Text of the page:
Traditional Japanese Dolls


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In Japan, dolls have been a part of everyday life since ancient times. Japanese dolls are made to embody the customs of Japan and the aspirations, attire and attitude of its people.. Over time the crafting of dolls and their display has developed into a tradition that today takes many different forms with distinctive regional attributes.


Japanese dolls also provide a medium to highlight other aspects of Japanese culture. They display features of family-life, fashion and recreation; of Hina Matsuri itself and the military and sporting prowess shown by Tango No Sekku dolls, all of which will, no doubt, be enlightening to Jamaicans. This travelling exhibition was developed by the Japan Foundation and displayed here through the efforts of the Embassy of Japan in Jamaica and National Museum Jamaica, a division of the Institute of Jamaica.

Known as ningyo (meaning ‘human form’), dolls are considered to be one of the great artistic expressions of Japan, and although a people’s culture may change over time, the Japanese have remained quite devoted to the creation of dolls. There are two main Japanese doll festivals which occur annually, the Hina Matsuri, or Girls’ Day Festival commemorated on the 3rd of March and Tango No Sekku, or the Boys’ Day Festival, on the 5th of May.

Hina Matsuri ひな祭り
The Hina Matsuri Doll Festival is celebrated on the 3rd of March each year, coinciding with the spring blossoming of Japan’s beloved Peach Trees, when parents and daughters celebrate their health and happiness. The festival had its origin about 1,000 years ago in the Heian Period (794-1192). It is customary in each Japanese home, to collect and reserve a space to display ceremonial dolls on decorated tiers covered in scarlet red fabric. An array of dolls arranged according to hierarchy are dressed and presented in the traditional costumes of the ancient Japanese court. The Emperor and Empress are placed on the upper-most tier, followed by the ladies-in-waiting and court ministers.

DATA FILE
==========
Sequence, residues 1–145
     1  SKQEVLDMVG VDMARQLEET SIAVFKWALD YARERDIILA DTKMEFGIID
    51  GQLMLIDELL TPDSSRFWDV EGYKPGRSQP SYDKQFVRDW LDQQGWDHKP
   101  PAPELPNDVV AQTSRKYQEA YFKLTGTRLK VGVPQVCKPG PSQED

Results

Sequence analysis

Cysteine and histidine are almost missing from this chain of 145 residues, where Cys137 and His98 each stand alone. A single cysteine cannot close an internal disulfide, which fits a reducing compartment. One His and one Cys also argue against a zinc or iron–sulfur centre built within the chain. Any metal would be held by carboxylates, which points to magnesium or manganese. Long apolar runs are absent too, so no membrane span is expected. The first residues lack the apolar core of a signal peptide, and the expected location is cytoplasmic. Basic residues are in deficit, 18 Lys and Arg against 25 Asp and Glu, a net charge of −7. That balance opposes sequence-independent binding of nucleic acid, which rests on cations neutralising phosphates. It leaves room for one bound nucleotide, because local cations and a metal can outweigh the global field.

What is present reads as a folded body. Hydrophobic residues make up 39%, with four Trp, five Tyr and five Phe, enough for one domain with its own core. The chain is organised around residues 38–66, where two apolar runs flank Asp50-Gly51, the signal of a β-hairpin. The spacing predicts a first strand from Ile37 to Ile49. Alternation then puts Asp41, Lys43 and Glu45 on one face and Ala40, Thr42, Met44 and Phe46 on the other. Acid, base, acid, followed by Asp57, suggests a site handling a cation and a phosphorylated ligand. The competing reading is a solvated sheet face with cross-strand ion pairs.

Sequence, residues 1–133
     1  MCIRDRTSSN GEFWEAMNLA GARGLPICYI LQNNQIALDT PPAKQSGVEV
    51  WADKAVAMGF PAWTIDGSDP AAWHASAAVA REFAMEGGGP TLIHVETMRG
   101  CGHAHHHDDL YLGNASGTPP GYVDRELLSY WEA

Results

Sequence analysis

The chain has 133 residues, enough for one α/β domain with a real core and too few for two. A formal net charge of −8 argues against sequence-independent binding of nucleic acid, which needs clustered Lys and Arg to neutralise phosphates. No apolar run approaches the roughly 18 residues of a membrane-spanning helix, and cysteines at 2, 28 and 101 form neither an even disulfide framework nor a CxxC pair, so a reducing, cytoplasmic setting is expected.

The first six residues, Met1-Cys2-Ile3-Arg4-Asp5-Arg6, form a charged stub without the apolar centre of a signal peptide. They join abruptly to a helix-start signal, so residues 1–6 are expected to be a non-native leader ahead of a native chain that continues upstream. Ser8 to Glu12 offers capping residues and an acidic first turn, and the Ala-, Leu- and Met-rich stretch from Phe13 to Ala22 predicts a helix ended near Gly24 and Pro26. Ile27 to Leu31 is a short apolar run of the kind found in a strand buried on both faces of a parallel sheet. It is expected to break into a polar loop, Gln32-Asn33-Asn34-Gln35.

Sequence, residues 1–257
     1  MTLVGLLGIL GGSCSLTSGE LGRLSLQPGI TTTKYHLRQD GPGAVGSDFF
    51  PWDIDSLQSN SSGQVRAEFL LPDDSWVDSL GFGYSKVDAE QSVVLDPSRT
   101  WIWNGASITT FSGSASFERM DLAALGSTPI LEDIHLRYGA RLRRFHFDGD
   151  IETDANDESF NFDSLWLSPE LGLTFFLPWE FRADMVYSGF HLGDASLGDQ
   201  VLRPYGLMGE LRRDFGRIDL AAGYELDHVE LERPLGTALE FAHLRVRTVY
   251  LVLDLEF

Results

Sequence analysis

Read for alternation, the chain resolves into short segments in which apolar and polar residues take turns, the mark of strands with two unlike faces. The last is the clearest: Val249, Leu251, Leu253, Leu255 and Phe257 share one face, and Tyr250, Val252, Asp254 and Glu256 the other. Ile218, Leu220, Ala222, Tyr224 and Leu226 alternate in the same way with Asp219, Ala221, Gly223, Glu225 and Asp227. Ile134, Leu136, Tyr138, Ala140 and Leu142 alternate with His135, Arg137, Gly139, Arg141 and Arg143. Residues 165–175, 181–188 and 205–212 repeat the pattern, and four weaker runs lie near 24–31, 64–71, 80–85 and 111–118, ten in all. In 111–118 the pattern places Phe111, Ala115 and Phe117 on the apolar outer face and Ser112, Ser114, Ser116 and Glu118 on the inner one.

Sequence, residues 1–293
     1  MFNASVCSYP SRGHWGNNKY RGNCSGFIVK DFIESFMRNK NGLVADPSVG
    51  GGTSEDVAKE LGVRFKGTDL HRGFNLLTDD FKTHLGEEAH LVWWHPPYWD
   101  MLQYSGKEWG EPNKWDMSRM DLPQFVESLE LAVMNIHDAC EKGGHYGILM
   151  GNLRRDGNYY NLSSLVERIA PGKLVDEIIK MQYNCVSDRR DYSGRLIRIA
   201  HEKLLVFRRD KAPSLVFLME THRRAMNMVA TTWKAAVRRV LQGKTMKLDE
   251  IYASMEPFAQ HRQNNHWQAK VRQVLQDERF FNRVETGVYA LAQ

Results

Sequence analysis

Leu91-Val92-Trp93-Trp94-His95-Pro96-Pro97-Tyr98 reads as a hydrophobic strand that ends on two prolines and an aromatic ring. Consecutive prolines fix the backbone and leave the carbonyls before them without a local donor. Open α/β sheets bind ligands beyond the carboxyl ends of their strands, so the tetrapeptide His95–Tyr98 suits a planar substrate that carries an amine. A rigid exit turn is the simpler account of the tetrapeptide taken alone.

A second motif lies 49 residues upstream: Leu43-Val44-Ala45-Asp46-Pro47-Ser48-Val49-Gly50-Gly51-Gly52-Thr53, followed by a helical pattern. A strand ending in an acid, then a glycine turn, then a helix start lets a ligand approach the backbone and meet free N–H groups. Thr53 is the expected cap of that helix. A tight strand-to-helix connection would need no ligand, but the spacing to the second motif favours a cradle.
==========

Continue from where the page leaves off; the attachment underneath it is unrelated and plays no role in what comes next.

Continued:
Today, the manufacture of these finely crafted figures continues as a thriving example of traditional Japanese art. As part of the spring festivities, straw dolls sitting in paper boats can be seen cast down the streams, rivers and canals that traverse many Japanese cities. The dolls carry away with them misfortune and bad luck, acting as surrogates of society, of their creators and their owners. There is also the belief that if a girl does not put away the dolls quickly after the Hina Festival, she will not get married for a long time.

Tango No Sekku 端午の節句

The Tango No Sekku Boys’ Day Festival is celebrated annually on the 5th of May and it also has a long history. The Boys’ Day Festival has existed since the Nara Period (710–784). The 5th of May date, in turn, marks the change of season in Japan from spring to summer. This festival was originally celebrated in the homes of Japanese warriors and was aimed at inspiring courage and determination among boys.

Today it is celebrated in all households, the male dolls and the other symbols featured during the Tango No Sekku highlight the positive characteristics of the warrior and of masculinity, such as pride, chivalry and self-sacrifice. Traditionally it involved the performance of rituals such as the preparation and taking of medicines believed to protect the community from disease and disaster. At the Imperial Court, Japanese irises, flowers that are also regarded as symbols of protection, come into bloom at this time, while archery tournaments took place, to symbolically drive out evil spirits.



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